Formula and Matching Requirements
All challenge grant funds are matching funds. First-time grantees must raise three nonfederal dollars for every federal dollar offered; subsequent awards require four nonfederal dollars for every federal dollar offered. All We the People challenge grants, and all Digital Humanities challenge grants require three nonfederal dollars for every Federal dollar offered.
Length and Time Phasing of Assistance
From one to five years. Funds must be expended during the grant period. Funds expended include funds deposited into an income earning account. Federal funds up to the amount offered in any year are released as matching amounts are certified to the Endowment and minimum annual matching requirements are met.
Post Assistance Requirements
Narrative progress reports are required biennially; reports on nonfederal contributions raised and sources of giving are required annually.
Final narrative and financial reports are due within 90 days after the grant ending date.
In accordance with the provisions of OMB Circular No. A-133 (Revised, June 27, 2003), "Audits of States, Local Governments, and Nonprofit Organizations," nonfederal entities that expend financial assistance of $500,000 or more in Federal awards will have a single or a program-specific audit conducted for that year. Nonfederal entities that expend less than $500,000 a year in Federal awards are exempt from Federal audit requirements for that year, except as noted in Circular No. A-133. For nongovernmental recipients, audits are to be carried out in accordance with the provisions set forth in OMB Circular No. A-110, "Grants and Agreements with Institutions of Higher Education, Hospitals, and Other Nonprofit Organizations Uniform Administrative Requirements" and with OMB Circular No. A-133. In addition, grants are subject to inspection and audits by NEH and other Federal officials.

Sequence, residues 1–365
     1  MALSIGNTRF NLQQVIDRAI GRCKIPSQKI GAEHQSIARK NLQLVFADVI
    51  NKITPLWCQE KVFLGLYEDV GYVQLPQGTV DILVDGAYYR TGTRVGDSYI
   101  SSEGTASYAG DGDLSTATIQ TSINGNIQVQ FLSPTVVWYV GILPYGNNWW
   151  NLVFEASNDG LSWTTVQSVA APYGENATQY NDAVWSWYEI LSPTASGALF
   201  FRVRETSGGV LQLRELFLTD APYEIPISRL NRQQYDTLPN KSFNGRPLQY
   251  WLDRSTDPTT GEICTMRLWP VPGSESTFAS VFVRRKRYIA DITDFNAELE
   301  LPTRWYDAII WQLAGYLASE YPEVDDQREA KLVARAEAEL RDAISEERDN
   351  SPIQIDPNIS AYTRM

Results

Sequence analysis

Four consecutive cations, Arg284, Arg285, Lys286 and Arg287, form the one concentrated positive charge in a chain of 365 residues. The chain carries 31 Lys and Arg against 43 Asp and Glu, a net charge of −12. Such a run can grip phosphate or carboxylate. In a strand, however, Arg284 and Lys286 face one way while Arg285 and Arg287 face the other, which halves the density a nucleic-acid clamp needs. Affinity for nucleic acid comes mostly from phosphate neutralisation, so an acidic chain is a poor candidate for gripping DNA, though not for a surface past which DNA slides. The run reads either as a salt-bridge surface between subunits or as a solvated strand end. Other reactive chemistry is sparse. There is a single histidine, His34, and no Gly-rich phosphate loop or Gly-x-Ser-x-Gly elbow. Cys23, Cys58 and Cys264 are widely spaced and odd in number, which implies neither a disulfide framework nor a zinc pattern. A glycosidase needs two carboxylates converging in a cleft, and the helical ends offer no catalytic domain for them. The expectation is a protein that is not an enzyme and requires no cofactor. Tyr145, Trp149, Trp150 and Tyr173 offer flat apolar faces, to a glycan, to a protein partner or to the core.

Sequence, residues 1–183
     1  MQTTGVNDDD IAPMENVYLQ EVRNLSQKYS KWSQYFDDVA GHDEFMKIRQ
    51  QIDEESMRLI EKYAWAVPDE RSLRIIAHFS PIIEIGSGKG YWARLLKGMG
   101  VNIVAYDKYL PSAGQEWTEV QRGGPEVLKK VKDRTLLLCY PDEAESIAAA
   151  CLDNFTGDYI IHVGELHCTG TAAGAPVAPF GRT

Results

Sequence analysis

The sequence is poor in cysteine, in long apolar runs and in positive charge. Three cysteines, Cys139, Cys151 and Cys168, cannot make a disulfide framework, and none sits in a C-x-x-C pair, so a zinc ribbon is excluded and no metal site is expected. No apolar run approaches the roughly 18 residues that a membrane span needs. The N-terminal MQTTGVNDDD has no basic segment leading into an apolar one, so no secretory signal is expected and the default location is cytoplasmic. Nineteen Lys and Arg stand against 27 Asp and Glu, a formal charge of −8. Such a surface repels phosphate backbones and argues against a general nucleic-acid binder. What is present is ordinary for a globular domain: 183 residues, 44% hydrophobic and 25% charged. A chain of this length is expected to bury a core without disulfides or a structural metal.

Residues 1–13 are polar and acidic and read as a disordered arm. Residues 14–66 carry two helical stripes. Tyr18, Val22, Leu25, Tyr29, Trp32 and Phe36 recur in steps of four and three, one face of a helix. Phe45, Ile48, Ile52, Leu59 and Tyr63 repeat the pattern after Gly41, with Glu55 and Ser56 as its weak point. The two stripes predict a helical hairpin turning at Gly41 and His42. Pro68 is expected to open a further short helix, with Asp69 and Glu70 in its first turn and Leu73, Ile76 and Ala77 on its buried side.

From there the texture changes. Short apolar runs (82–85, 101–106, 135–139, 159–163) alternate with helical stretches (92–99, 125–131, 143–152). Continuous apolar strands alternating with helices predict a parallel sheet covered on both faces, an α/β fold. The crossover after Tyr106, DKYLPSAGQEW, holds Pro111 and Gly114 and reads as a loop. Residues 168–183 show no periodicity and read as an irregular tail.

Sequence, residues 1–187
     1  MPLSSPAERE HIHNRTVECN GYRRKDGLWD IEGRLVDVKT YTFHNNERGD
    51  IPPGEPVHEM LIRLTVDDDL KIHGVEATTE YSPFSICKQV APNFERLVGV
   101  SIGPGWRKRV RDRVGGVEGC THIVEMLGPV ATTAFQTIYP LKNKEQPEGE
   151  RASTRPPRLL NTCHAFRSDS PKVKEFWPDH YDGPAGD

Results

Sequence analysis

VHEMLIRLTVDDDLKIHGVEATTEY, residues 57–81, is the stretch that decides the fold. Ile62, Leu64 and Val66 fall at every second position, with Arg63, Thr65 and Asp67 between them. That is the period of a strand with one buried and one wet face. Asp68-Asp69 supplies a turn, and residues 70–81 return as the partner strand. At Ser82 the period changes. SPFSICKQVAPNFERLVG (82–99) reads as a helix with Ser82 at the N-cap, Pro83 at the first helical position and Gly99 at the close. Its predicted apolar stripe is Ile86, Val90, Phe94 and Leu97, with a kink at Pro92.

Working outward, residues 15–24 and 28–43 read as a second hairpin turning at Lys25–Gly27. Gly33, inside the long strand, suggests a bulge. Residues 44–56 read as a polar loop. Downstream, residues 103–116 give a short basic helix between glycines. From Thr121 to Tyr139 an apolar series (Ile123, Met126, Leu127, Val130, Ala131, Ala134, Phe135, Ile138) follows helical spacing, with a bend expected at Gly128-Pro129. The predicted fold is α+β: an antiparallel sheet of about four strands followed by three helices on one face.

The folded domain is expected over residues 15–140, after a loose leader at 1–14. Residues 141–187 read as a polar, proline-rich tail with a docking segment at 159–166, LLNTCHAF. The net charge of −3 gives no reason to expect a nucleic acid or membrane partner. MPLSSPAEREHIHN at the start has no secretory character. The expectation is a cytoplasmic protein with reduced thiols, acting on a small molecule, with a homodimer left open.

To be retained by the grantee for three years from the date of submission of the final narrative and financial reports. Records include financial documentation on all matching gifts and on all expenditures of Federal and matching funds.
FY 07 $10,273,705*; FY 08 est $9,331,000; and FY 09 est $7,082,000. *Includes additional funding provided by We the People. See 45.168 PROMOTION OF THE HUMANITIES-WE THE PEOPLE.
Range and Average of Financial Assistance
Applicants may request up to $1,000,000 in Federal funds over four years. In fiscal year 2007, the largest award offered was $1,000,000, the smallest was $200,000; and the average award was approximately $400,000.
Regulations, Guidelines, and Literature
45 CFR 1100 and 1105. Guidelines are available online at http://www.neh.gov/grants/grants.html and upon request from the National Endowment for the Humanities, Washington, DC 20506. Available from the Superintendent of Documents, Government Printing Office, Washington, DC 20402, is the Endowment's official publication, "Humanities" by subscription (6 issues annually, $24.00 domestic, $30.00 foreign).
Regional or Local Office
Office of Challenge Grants, Room 420, National Endowment for the Humanities, Washington, DC 20506. (202) 606- 8309. Use the same number for FTS.
Criteria for Selecting Proposals
To reach decisions about funding, all reviewers of Challenge Grants applications are asked to evaluate the existing and potential quality of an applicant's programs in the humanities, its needs, management, and fund-raising capability. In light of the goals of the Challenge Grants Program, reviewers assess each application in accordance with the following criteria: (1) The significance of existing and planned humanities activities. (2) The appropriateness of institutional resources and plans. (3) The impact of challenge grant funds. (4) The feasibility of fund raising. Applicants for second or subsequent awards must describe and assess the effects of their prior awards.
Meticulon, a project of Autism Calgary Association in partnership with the federal government and the Sinneave Family Foundation, operates as a social enterprise that renders high-tech services provided by people with autism, leveraging their natural abilities at requiring attention to detail, repetition, and sequencing.